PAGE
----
Today continues The Times and Democrat's print and online series, “Vietnam: They Served With Honor.” The stories based on interviews with local veterans of the Vietnam War will continue on Sundays and Wednesdays through Nov. 11, Veterans Day. For more photos and video, visit this story at TheTandD.com.
David Franklin says “it’s been heavy on my mind.”
The veteran from Orangeburg was just a 20-year-old squad leader in 1969, anxious to get out of Vietnam.
One of the men in his eight-man engineering unit near Buon Ma Thuot in South Vietnam’s central highlands received a surprise package in the mail.
His wife sent him photos of her in the nude, images that others in the squad pointed out had to have been taken by someone else.
“It messed with him and messed with him … messing with his mind,” Franklin said.
A month later, the soldier came to Franklin. “I’m gonna kill myself,” he told his squad leader.
Franklin didn’t know how to deal with the situation. He told the young man that death was no solution.
Then came the day.
“As I walked out of the hooches, (the bunkers covered with sand built by Franklin’s unit and where soldiers lived) I heard a bow!” Franklin said.
The soldier killed himself. “The man blew his brains out with his .45,” with the pictures of his wife scattered about on the bed where he was found.
“That has bothered me throughout my years,” Franklin said. “Seeing someone kill themselves is a hard thing to get over.”
There were many other bad days, said Franklin, who made a decision soon after arriving in Vietnam on his 20th birthday, Jan. 13, 1969: “My main objective was to get out of there.”
He did so just more than a year later in January 1970 after taking on the engineering job and making rank quickly as an E5 squad leader, a position unusual for someone of his age and short span of service.
“You don’t volunteer for nothing when you get to Vietnam,” Franklin said he was told during basic training and at every stop prior to going to Southeast Asia.
But he did.
“I was supposed to be in the First Cav,” Franklin said. Fifty volunteers were being sought for training as engineers to build temporary bridges, bunkers and other structures. “I raised my hand.”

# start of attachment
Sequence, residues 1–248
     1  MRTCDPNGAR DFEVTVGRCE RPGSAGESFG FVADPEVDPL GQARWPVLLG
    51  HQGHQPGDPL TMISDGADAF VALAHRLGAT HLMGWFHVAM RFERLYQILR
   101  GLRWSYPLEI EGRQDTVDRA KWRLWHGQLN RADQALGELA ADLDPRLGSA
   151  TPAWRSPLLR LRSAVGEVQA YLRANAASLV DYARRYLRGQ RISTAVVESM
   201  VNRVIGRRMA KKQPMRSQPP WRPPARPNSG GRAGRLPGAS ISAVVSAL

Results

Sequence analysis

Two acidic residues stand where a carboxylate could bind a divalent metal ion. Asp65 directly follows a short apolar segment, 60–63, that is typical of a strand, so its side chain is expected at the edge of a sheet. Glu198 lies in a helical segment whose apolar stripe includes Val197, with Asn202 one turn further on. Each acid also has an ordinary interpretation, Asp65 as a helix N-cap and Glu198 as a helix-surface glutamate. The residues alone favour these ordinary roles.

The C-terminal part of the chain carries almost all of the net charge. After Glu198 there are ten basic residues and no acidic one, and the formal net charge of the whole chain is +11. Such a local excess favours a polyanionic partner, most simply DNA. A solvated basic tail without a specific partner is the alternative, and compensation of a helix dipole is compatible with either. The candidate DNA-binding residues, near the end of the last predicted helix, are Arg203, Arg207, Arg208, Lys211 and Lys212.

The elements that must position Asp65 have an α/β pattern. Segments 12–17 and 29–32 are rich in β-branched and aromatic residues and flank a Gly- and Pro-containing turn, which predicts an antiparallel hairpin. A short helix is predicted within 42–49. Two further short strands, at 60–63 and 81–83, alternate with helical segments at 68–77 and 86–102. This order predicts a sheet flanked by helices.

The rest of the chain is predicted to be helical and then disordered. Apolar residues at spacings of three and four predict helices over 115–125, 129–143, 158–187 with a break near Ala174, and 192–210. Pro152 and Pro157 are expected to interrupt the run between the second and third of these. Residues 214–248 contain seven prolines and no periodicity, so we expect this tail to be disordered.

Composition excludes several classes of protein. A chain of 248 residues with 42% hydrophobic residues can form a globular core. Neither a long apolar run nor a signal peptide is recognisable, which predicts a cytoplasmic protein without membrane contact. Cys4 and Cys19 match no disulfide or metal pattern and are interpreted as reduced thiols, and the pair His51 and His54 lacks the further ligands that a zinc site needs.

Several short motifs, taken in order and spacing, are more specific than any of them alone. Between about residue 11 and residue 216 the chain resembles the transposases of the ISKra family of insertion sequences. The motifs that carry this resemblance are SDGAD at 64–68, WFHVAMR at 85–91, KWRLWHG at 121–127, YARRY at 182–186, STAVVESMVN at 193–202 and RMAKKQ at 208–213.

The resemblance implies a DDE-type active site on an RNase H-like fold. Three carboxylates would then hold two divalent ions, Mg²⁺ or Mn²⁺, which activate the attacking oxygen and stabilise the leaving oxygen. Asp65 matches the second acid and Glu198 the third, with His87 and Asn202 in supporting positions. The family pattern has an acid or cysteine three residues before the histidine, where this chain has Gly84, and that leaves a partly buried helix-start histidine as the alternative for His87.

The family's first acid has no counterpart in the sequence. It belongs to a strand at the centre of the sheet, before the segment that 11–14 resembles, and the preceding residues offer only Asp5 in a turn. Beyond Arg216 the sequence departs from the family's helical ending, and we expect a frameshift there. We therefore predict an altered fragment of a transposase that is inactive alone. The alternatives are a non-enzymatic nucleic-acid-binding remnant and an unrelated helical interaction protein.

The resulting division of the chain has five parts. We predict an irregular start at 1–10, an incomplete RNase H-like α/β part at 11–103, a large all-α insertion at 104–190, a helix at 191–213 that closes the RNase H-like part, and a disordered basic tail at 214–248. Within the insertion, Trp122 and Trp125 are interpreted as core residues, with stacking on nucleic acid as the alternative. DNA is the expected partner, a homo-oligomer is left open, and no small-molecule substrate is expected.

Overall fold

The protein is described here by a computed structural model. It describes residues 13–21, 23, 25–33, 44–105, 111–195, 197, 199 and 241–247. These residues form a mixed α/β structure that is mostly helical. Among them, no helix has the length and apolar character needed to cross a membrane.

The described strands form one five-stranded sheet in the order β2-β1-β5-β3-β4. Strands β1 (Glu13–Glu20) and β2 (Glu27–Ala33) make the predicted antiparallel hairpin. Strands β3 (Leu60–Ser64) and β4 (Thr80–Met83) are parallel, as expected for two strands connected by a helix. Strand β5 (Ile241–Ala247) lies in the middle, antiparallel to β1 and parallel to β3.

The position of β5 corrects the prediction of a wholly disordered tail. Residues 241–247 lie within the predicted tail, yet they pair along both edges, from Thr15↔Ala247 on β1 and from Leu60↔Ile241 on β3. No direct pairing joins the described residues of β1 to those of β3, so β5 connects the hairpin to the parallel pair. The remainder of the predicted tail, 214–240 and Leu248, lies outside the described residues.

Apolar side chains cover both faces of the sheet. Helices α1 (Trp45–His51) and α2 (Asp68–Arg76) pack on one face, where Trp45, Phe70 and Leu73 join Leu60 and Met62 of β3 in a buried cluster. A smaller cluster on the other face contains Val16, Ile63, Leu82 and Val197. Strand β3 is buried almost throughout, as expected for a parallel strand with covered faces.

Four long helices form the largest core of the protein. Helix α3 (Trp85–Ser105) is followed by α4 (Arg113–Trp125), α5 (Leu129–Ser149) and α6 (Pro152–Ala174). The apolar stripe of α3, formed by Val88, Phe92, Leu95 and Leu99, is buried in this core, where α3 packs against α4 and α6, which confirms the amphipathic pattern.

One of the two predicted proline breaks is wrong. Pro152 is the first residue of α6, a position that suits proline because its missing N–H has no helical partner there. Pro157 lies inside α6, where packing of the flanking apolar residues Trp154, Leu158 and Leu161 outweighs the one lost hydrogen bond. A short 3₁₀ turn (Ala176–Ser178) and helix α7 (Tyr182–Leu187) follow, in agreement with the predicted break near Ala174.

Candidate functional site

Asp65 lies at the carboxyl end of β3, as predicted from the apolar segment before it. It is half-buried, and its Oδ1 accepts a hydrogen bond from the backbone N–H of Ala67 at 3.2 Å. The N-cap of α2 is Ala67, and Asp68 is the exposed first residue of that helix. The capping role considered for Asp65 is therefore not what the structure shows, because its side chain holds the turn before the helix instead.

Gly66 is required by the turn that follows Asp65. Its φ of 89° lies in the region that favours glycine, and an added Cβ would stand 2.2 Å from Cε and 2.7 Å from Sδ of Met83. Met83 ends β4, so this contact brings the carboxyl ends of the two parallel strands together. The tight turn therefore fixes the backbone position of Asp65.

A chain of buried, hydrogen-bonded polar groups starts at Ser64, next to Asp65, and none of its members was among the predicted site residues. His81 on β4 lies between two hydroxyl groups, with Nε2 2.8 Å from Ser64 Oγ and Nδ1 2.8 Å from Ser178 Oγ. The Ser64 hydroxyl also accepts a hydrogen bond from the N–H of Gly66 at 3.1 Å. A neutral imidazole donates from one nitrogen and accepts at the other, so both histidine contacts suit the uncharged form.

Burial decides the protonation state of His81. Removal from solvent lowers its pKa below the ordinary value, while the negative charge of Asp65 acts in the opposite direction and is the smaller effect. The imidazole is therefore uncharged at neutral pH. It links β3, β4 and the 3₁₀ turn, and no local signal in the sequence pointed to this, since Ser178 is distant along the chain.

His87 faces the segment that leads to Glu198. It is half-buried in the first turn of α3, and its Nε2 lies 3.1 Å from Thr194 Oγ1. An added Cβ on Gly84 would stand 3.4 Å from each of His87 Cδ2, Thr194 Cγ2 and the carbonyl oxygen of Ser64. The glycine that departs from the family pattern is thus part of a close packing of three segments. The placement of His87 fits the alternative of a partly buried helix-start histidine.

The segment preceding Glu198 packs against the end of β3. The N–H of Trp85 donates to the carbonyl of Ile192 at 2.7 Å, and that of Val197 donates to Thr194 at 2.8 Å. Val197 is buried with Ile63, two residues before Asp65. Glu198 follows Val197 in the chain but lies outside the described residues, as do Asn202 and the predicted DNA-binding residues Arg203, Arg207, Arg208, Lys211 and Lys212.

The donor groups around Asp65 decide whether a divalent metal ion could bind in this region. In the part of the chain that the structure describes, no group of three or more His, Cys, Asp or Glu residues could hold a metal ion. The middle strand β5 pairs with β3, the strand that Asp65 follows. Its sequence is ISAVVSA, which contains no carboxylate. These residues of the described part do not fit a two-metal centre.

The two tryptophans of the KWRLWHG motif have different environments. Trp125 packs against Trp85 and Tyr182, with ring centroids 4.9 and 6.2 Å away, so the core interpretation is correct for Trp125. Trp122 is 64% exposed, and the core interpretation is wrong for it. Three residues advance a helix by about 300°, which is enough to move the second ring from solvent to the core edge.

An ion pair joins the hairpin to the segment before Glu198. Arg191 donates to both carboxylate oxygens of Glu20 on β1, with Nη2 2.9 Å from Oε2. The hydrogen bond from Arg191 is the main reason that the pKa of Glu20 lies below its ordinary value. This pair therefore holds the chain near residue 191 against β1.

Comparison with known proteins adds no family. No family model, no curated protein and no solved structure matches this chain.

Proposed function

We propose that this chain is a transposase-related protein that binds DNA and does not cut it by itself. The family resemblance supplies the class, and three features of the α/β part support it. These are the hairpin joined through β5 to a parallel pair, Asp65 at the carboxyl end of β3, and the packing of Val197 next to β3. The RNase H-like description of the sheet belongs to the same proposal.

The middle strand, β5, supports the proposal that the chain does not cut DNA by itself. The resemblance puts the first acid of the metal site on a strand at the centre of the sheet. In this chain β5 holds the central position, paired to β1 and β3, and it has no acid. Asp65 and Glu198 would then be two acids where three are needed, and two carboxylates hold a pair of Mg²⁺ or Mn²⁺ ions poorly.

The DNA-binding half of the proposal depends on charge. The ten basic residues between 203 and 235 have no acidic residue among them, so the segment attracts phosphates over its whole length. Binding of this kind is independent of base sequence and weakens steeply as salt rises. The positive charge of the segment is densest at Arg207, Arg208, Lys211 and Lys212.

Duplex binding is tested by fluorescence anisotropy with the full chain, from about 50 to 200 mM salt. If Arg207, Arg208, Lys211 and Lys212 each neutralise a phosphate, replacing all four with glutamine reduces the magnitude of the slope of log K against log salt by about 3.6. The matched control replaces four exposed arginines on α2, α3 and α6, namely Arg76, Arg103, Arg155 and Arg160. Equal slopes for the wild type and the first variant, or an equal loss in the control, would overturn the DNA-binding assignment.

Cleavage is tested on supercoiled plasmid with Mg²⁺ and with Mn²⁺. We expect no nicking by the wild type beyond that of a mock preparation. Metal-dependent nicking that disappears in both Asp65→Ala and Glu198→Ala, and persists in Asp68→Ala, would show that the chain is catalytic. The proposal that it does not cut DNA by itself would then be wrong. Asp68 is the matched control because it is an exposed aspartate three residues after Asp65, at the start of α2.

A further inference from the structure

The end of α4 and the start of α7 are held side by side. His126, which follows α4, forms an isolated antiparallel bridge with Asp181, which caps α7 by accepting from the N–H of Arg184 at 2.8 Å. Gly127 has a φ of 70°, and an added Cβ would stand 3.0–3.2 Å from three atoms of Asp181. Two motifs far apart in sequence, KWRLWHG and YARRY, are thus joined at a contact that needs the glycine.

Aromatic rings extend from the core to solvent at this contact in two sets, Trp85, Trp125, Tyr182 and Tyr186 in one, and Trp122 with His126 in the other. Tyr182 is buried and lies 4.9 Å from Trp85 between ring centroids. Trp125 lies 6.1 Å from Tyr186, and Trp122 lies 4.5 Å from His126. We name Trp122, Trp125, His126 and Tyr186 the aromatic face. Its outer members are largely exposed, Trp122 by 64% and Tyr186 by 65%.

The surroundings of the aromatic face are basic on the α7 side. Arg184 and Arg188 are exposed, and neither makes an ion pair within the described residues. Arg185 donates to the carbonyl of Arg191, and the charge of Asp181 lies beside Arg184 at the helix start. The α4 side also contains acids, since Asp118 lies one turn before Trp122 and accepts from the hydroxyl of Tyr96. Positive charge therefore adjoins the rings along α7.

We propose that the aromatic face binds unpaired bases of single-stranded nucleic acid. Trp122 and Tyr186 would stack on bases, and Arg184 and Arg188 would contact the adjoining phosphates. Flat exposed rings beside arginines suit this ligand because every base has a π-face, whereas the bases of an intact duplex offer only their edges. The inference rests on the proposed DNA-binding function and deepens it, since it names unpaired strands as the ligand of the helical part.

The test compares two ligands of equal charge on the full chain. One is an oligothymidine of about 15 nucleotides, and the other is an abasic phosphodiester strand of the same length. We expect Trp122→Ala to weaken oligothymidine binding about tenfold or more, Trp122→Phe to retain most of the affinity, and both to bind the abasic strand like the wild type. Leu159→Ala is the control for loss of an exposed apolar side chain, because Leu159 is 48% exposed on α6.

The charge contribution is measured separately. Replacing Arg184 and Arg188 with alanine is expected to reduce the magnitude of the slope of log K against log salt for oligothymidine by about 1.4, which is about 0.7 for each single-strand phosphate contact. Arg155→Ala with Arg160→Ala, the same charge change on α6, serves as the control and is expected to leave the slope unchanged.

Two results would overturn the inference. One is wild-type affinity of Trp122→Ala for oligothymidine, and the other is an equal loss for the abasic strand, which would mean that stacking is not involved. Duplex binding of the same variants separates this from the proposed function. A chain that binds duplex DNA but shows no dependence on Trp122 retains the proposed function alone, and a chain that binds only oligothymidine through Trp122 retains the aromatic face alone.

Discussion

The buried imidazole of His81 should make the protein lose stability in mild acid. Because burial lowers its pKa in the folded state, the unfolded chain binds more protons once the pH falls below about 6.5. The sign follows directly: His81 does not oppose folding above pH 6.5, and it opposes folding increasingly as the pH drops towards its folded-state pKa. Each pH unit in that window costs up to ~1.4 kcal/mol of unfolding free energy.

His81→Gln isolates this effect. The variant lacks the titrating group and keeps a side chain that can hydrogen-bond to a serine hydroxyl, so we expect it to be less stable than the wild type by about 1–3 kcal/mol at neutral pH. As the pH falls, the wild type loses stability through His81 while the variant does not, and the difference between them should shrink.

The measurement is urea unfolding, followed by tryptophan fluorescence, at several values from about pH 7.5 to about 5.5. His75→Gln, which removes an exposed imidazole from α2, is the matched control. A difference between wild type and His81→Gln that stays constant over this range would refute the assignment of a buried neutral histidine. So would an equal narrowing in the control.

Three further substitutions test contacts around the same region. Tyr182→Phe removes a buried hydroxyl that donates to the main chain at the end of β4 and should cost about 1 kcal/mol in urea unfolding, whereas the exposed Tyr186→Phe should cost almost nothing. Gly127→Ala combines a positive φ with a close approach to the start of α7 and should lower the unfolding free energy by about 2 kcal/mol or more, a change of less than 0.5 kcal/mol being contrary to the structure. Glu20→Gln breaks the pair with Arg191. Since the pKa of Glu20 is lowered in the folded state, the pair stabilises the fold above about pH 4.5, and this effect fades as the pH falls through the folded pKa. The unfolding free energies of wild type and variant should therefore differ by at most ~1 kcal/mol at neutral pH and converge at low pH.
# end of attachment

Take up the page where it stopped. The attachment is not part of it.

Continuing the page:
“I volunteered for the engineers … which I believe saved my life.”
It was safer than being a foot soldier, Franklin said. “I didn’t want to go through that.”
Like so many others, he was glad to get home, reiterating now what he told The Times and Democrat in a 1981 interview: “When I got off that plane in Oakland, California, I kissed the ground.”
Franklin wanted no part of the Army’s offer of re-enlistment and returned home to Orangeburg to embark on a civilian life. He worked for 16 years with the South Carolina Regional Housing Authority and, as he said, went about life in pretty normal fashion -- until 2010.
“Deep down inside, some things were bothering me,” Franklin said. "From 1970-2010, I went through three marriages. I did not know I had this trauma in my life.”
His third wife told him, “David, there is something wrong with you.”
Diagnosed with post-traumatic stress disorder in 2010, Franklin nonetheless continued about life, focused on plans to retire at 65 in 2013.
But things changed for the worse.
While eating his favorite snack (Oreos with milk) one evening in 2012, he had a problem swallowing. That sent him to the Veterans Administration, where unwelcome news came from his doctor.
“Cancer! Cancer! I am about to retire. When he told me that, I was out of it,” Franklin said.
“That was a hard shot. I didn’t say nothing all the way back to Orangeburg.”
The cancer was confined to one kidney and had not spread, Franklin said, showing the huge scar from where surgeons removed the diseased kidney in October 2012.
Months later in January 2013, Franklin retired and today remains cancer-free. But he has a new Vietnam War mission.
With time on his hands, Franklin researched the VA’s own information about the impact of Agent Orange on Vietnam veterans, finding that kidney cancer is prevalent.
“I believe my cancer came from this,” he said. “I am suffering the repercussions of that Vietnam War.”
Franklin is battling the VA over his case, saying Vietnam veterans are not getting treatment equal to veterans of modern-day wars.
“We didn’t ask to be sprayed with Agent Orange (a defoliant sprayed liberally on jungle areas in Vietnam). I’ve got a lot of friends who are dead now,” he said.
“I am angrier now,” Franklin said. “I was quiet all these years until this happened.”
“I am really going after them now,” Franklin said. “The government wants these Vietnam veterans to die off. That’s what they are waiting for.”
The war was senseless, Franklin said. “I can’t even answer my own self right now why I was over there.”
A lot of Vietnam veterans are angry, he said.
“They don’t give Vietnam veterans enough recognition. They just set us on the back burner. They are really hoping that we die off. I’m not. I’ve got all the time in the world now to fight.”